Luyện thi toiec – Đọc báo tiếng anh
September is the perfect time to visit Hong Kong. Not only has the intense heat of summer passed, it is also when the much loved Mid-Autumn Festival takes place.
Held this year from 14 to 22 September, the city’s most spectacular festival bathes the landscape in a glow of colour, as lanterns of all shapes and sizes, fiery dragon dances and moon cakes combine to create an enchanting fairytale land.
The festival’s roots lie in the early Tang dynasty (618 to 907), when farmers made celebratory offerings to the full moon as thanks for a bumper harvest. On 19 September, the eve of the full moon, many people take to the streets or parks carrying lit paper lanterns hooked over a thin bamboo stick (or the modern plastic equivalent). To join the fun, purchase an inexpensive lantern from a convenience store and head to Victoria Park in Causeway Bay or The Peak in Central, two favoured spots to gather.
Moon cakes became part of the festival during the Yuan dynasty (1271 to1368). These small but dense cakes filled with lotus paste and a whole egg-yolk centre symbolise the full moon, and it is the accepted practice to share a cake with friends, family and colleagues. You can also indulge in creative versions containing everything from ice cream to Iberico ham and black truffle.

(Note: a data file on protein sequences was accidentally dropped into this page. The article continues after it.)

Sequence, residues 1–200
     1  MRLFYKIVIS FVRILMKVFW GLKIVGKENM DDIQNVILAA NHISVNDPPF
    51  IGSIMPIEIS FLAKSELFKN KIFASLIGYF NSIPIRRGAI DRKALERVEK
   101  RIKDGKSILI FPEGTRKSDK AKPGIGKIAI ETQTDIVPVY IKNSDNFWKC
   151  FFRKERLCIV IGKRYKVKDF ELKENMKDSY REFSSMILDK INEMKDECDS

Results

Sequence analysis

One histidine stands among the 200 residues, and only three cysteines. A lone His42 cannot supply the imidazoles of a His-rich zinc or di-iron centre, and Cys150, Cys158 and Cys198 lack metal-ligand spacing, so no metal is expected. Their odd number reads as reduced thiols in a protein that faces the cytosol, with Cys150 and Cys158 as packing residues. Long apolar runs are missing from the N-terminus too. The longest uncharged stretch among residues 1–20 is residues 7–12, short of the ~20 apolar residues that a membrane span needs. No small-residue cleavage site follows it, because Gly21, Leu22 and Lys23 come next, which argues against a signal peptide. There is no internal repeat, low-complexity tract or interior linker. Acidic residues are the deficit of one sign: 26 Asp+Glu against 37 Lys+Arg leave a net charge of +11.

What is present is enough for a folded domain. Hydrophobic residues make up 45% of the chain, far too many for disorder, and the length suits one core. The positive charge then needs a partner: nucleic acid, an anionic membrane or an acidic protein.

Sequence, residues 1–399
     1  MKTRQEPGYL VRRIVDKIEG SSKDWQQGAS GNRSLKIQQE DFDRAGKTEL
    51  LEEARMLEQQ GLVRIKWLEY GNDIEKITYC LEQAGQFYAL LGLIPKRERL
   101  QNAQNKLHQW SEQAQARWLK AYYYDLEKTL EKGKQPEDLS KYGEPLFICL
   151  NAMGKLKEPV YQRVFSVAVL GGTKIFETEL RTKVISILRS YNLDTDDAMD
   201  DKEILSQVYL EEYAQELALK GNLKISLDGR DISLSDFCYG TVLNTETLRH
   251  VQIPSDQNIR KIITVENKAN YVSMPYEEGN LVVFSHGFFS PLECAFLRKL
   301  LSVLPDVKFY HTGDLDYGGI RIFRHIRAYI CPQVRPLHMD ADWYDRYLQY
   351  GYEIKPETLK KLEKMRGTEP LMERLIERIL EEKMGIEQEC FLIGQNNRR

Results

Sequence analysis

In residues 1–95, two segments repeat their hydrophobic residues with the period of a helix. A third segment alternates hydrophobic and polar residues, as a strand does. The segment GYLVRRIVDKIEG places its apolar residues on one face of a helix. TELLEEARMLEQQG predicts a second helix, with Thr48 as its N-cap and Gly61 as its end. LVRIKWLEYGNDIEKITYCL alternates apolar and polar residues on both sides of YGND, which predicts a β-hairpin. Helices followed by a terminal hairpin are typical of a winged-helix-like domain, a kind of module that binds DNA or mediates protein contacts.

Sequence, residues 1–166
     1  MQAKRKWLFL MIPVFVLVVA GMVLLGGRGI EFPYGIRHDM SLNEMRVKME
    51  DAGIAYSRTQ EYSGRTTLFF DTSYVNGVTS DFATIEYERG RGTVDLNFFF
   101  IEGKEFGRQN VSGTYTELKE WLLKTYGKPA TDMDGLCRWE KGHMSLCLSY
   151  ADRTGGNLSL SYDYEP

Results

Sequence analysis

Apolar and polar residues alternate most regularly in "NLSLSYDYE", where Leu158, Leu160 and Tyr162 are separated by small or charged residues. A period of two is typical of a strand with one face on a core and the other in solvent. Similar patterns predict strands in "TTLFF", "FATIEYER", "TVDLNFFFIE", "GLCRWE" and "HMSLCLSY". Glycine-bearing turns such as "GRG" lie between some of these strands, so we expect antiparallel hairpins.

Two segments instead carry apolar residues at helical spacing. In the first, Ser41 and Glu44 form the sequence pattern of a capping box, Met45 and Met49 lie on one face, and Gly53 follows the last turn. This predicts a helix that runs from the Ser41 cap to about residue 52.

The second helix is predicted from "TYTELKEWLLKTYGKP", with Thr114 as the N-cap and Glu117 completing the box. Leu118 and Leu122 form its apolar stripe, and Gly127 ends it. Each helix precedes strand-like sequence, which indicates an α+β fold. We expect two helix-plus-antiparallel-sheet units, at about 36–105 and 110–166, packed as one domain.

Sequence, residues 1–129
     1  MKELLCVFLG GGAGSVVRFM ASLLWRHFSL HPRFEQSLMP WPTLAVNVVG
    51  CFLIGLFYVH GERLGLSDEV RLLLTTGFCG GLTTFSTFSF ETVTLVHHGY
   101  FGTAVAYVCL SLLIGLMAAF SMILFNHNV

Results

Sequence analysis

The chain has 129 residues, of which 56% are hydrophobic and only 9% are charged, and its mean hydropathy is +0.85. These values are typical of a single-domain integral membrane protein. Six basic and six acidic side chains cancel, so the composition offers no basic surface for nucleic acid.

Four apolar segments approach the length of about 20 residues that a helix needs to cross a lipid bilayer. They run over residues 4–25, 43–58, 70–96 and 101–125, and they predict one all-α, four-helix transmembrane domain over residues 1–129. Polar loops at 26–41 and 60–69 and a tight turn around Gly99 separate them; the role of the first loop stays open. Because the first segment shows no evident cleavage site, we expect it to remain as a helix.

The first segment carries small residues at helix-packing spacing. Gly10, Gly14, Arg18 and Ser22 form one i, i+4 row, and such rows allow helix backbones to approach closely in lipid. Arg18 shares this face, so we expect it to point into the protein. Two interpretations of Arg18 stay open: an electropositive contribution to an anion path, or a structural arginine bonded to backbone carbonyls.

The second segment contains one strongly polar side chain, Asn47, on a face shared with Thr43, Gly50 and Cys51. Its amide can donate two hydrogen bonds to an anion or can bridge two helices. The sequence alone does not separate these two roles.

Festival highlights include the Tai Hang dragon parade (18 to 20 September), featuring a 67m-long straw dragon lit with tens of thousands of incense sticks. Weaving its way through the streets of Tai Hang in the Causeway Bay district – aided by 300 carriers – the parade is stunning and frenetic. It was started more than a century ago; legend has it that performing a fire dance for three days and nights prior to the mid-autumn full moon prevented both a typhoon and the plague.
New this year is a three-storey circular light installation entitled Rising Moon, made from 7,000 plastic bottles and other recyclable materials floating on a pool of water in Victoria Park. There will also be displays of master craftsman-made lanterns in several locations, including Victoria Park’s Lantern Wonderland, where there will also be a market selling handicrafts and festive foods.